What makes this boning knife so effective is that it maintains exceptional strength and durability, while also being extraordinarily flexible. A boning knife that is able to flex becomes instantly better than one that can’t because it allows you to get around bones without sacrificing good meat.
Good blade, good handle
The blade of this boning knife is forged from high carbon stainless steel and is hand sharpened for guaranteed sharpness. The handle is of a traditional type of composition and has three sturdy rivets to ensure high performance from the handle.
Another good warranty
This knife is dishwasher safe (although I always suggest hand washing high-end products, as dishwashers are harsher) and Wusthof provides the purchaser a lifetime warranty on this item.
Should you get this knife?
The Wusthof Classic is not nearly as beautiful as the Dalstrong discussed above, but it is just as functional, if not more so. The flexible blade is really helpful when cutting whole chicken and will prove to be useful in many other kitchen applications as well – some find it’s a great way to peel a mango. This is a very expensive knife. Although I truly believe it is worth its price.
Mercer Culinary Genesis 6 inch knife
This knife isn’t as flashy as the Dalstrong, nor is it as dependable as the Wusthof (but we’re talking about the absolute top of the line knives in those instances), but the mercer doesn’t mean that it isn’t a great value for the money.
Balanced and flexible
This knife is also flexible, so it will get around bones and help separate tendons from the flesh of the chicken. The knife has a good weight balance, helping to make the process of cutting the chicken not just easier but also much safer.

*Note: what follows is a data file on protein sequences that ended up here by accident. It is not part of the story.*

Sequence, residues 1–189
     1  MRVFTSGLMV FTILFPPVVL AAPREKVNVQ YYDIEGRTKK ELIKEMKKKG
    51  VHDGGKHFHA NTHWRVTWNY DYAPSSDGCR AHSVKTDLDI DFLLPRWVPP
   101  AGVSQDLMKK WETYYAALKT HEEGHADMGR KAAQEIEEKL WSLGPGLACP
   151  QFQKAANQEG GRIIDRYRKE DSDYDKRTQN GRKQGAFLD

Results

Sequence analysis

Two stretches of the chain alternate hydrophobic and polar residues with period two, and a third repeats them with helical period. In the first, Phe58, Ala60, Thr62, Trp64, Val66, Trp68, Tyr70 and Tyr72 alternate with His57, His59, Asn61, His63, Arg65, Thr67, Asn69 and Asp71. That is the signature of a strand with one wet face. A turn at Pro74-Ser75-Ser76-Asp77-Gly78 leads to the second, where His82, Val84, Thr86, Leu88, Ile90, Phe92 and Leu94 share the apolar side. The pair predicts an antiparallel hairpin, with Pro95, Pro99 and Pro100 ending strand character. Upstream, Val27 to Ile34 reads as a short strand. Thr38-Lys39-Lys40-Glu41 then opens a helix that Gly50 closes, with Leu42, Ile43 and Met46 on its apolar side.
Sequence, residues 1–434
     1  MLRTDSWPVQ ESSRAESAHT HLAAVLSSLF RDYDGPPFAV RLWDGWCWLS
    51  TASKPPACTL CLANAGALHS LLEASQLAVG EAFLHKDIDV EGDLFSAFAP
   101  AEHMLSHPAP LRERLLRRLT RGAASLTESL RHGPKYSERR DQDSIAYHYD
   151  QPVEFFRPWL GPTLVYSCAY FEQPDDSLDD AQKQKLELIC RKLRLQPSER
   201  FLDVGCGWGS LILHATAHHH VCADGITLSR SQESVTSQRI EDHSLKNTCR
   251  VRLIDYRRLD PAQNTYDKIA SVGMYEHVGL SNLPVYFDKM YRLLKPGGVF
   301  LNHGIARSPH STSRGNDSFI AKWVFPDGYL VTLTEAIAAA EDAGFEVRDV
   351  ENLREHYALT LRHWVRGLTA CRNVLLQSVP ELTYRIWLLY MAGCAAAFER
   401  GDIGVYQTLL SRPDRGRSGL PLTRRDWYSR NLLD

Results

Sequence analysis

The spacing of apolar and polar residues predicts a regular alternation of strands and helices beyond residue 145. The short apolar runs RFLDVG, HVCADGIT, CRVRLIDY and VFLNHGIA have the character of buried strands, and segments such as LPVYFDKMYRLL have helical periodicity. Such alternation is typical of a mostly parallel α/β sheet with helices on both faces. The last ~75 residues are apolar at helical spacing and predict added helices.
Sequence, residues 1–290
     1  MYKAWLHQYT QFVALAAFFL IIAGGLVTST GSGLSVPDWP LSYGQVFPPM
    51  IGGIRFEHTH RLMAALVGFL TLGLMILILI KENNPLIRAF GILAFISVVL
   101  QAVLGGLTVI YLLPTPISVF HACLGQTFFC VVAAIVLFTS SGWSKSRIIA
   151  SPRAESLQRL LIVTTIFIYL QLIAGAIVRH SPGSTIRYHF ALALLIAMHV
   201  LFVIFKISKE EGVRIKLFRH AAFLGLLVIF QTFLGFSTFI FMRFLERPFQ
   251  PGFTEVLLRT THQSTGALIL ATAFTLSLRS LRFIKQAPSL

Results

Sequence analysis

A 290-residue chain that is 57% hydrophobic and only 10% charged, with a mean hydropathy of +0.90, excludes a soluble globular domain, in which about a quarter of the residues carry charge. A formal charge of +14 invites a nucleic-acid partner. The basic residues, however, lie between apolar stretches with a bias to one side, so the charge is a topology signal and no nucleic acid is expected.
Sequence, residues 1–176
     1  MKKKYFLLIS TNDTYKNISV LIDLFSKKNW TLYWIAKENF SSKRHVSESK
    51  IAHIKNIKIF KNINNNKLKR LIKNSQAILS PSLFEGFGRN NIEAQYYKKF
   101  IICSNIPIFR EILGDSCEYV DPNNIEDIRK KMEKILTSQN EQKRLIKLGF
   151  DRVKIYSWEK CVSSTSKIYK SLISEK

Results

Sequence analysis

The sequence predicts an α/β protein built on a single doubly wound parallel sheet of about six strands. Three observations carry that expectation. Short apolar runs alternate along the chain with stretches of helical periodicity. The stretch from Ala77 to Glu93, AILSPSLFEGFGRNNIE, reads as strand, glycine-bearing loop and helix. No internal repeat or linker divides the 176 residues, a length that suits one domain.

The ergonomic Santoprene handle gives you incredible comfort while cutting and offers a non-slip grip (very important when using sharp knives) and it doesn’t begin to break down once it gets exposed to water and oils.
The blade is made of anti-stain German steel to stop rust and corrosion from getting ahold of your knife, and the tapered edge gives lets you get in and around cartilage.
Mercer Culinary will offer a lifetime warranty on this product.
Should you get this knife?
If you are in need of a good boning knife and are either not willing to or not able to pay upwards of a hundred dollars on one, then this is a great knife for you.
Wrap – Up
Getting a quality boning knife is essential when you are cutting chicken (or many other meats for that matter). Not only does it make your job incredibly easier than using a chef or a butcher’s knife, but using the proper knife is much safer as well.
Any of these three will work for you. If you want an eye popping knife, then go for the Dalstrong. If you just want the all around best knife, the Wusthof is the one for you, while the Mercer Culinary is the best bang for your buck. Personally, I like the quality of the Wusthof. Definitely worth the investment.